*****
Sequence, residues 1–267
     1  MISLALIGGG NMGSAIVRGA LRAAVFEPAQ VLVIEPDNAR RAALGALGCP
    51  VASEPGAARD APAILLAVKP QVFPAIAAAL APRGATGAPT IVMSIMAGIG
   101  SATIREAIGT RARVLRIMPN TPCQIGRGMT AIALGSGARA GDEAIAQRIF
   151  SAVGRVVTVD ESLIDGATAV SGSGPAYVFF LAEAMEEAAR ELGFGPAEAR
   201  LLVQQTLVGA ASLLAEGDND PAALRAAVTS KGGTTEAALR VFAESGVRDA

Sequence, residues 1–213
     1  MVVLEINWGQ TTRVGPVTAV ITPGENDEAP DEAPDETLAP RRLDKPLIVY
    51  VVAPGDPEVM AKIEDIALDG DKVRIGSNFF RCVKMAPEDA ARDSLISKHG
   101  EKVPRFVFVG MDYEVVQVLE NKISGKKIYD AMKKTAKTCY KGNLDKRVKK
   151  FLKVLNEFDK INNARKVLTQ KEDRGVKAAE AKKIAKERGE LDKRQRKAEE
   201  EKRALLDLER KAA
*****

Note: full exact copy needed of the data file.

Sequence, residues 1–267
     1  MISLALIGGG NMGSAIVRGA LRAAVFEPAQ VLVIEPDNAR RAALGALGCP
    51  VASEPGAARD APAILLAVKP QVFPAIAAAL APRGATGAPT IVMSIMAGIG
   101  SATIREAIGT RARVLRIMPN TPCQIGRGMT AIALGSGARA GDEAIAQRIF
   151  SAVGRVVTVD ESLIDGATAV SGSGPAYVFF LAEAMEEAAR ELGFGPAEAR
   201  LLVQQTLVGA ASLLAEGDND PAALRAAVTS KGGTTEAALR VFAESGVRDA

Sequence, residues 1–213
     1  MVVLEINWGQ TTRVGPVTAV ITPGENDEAP DEAPDETLAP RRLDKPLIVY
    51  VVAPGDPEVM AKIEDIALDG DKVRIGSNFF RCVKMAPEDA ARDSLISKHG
   101  EKVPRFVFVG MDYEVVQVLE NKISGKKIYD AMKKTAKTCY KGNLDKRVKK
   151  FLKVLNEFDK INNARKVLTQ KEDRGVKAAE AKKIAKERGE LDKRQRKAEE
   201  EKRALLDLER KAA